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Dr Andrew Dilley


Dr Andrew Dilley (PhD)

Senior Lecturer in Anatomy
T: +44 (0)1273 877094
Location: Medical Research Building, Room 209, BSMS, University of Sussex, Brighton, BN1 9PX

Other roles: Module Leader for Musculoskeletal and Immune Systems (module 204); Member of Year 2 Phase Exam Board; Member of Review Boards for modules 202 and 204; Chair of Module 303, 304, 305, and 306 Exam Boards; Member of BSMS Admissions Board; Member of University of Sussex Ethical Review Committee
Areas of expertise: Neurosciene; Imaging
Research areas: Peripheral mechanisms of neuropathic pain; nerve inflammation and electrophysiology


In 1996, Dr Andrew Dilley completed a BSc in Anatomy and Development Biology at University College London (UCL). He went on to undertake a PhD in neurophysiology at Kings College London, focussing on the mechanisms underlying the peripheral neuropathy, Guillain-Barré syndrome. Following completion of his PhD in 2000, Andrew returned to UCL as a postdoctoral research fellow within the Department of Physiology. At UCL, he established his interest in peripheral neuropathic pain mechanisms. During this post, Andrew ran laboratory and human (ultrasound) studies that examined the role of peripheral nerve inflammation (neuritis) in neuropathic pain pathways. He also taught musculoskeletal anatomy to postgraduate students.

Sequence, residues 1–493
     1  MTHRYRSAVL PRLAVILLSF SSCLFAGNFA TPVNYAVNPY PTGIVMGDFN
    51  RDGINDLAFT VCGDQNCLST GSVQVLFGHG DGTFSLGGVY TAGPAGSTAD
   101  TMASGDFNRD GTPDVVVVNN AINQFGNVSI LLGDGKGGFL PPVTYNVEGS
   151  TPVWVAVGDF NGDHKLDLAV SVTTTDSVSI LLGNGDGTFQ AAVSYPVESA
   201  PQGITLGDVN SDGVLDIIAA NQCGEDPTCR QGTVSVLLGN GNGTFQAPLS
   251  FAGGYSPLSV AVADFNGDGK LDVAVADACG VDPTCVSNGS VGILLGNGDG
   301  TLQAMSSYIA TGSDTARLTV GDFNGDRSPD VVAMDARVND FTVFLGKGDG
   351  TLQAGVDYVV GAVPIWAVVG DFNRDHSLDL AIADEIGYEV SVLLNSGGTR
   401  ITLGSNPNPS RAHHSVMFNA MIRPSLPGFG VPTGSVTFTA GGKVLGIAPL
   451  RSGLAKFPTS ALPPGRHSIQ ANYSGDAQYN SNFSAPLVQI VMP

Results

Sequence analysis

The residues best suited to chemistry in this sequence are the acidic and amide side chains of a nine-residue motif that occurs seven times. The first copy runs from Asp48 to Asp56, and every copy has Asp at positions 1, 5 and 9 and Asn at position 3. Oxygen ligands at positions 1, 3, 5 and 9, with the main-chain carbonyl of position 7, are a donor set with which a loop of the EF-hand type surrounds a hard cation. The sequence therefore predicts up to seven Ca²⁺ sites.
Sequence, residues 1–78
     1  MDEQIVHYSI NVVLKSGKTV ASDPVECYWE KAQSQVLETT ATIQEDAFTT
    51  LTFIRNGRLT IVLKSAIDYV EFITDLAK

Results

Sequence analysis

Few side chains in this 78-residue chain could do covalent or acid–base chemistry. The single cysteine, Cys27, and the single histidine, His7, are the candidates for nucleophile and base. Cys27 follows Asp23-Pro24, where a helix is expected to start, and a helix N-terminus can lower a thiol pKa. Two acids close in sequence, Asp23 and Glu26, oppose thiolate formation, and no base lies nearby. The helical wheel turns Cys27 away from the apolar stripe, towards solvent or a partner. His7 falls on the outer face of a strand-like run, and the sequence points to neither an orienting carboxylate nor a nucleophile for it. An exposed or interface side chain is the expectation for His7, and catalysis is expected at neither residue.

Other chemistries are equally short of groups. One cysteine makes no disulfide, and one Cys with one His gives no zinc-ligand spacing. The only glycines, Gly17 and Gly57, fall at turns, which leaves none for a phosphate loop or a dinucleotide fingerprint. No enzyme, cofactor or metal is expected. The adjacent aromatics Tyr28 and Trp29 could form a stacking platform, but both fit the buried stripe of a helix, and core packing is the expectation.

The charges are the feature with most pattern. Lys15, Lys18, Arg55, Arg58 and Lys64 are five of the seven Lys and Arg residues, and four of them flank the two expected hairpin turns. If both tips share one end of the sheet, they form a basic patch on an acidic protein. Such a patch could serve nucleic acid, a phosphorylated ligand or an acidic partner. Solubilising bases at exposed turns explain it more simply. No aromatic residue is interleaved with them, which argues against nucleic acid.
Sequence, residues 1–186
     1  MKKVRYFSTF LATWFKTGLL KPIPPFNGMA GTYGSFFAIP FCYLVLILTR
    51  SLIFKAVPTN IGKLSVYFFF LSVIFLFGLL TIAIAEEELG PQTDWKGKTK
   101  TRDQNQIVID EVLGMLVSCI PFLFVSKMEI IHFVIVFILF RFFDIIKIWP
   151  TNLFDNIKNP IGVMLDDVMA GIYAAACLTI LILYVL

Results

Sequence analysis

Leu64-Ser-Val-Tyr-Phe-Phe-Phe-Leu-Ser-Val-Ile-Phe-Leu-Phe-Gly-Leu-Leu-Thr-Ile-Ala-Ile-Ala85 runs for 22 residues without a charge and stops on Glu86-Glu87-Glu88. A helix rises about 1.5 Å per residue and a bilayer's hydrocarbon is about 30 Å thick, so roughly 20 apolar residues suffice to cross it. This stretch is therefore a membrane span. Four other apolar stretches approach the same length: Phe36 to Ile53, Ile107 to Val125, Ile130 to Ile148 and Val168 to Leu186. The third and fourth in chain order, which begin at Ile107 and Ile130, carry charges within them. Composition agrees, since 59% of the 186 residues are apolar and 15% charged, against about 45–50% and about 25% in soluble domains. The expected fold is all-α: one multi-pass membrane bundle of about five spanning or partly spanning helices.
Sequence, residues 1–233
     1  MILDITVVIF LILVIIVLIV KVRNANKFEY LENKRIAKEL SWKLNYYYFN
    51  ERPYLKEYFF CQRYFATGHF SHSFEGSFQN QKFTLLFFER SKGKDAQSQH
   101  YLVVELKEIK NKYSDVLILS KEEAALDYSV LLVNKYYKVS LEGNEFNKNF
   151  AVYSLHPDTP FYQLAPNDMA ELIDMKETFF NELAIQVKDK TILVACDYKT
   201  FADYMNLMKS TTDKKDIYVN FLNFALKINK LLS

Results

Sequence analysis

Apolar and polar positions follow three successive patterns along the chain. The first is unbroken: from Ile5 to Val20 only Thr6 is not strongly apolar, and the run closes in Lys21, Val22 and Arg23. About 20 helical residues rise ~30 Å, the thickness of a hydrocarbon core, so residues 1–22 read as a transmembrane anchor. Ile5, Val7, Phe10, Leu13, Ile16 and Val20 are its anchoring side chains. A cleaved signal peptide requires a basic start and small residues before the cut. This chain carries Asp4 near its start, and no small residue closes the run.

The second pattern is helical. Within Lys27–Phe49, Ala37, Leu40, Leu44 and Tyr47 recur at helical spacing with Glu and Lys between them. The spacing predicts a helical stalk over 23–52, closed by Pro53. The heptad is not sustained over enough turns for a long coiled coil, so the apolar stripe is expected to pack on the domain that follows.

In 2005, Andrew was offered a position at Harvard Medical School, in Boston, as an Instructor in Anesthesia. During a two year period at Harvard, he worked alongside Dr Geoffrey Bove, where he continued his laboratory research into the role of neuritis in neuropathic pain. In 2007, Andrew was appointed Lecturer in Anatomy at Brighton and Sussex Medical School, and in 2013 he was promoted to Senior Lecturer. At BSMS, he successfully leads a research team that focus on the peripheral mechanisms of neuropathic pain. He also jointly leads the Brighton and Sussex Pain Network.


Andrew’s research encompasses both laboratory and human studies into the peripheral mechanisms of neuropathic pain. His research is aimed at understanding the causes of pain in common neuropathic pain conditions, for example, non-specific back pain, repetitive strain injuries, whiplash-associated disorder and complex regional pain syndrome.

Laboratory studies focus on models of minor nerve injury, such as the neuritis model. He uses a range of electrophysiological techniques, combined with behavioural and immunohistochemical procedures, to study the responses of axons to inflammation.  His laboratory has considerable expertise in single unit extracellular recording techniques, which enable recordings from isolated nociceptive (pain) axons. Andrew’s research is specifically aimed at understanding the mechanisms that lead to increases in excitability in inflamed primary sensory neurons. An area of particular interest is the role of axonal transport disruption. Results from Andrew’s laboratory studies suggest that symptoms of neuropathic pain can be generated from inflamed peripheral nerves in the absence of frank nerve injury.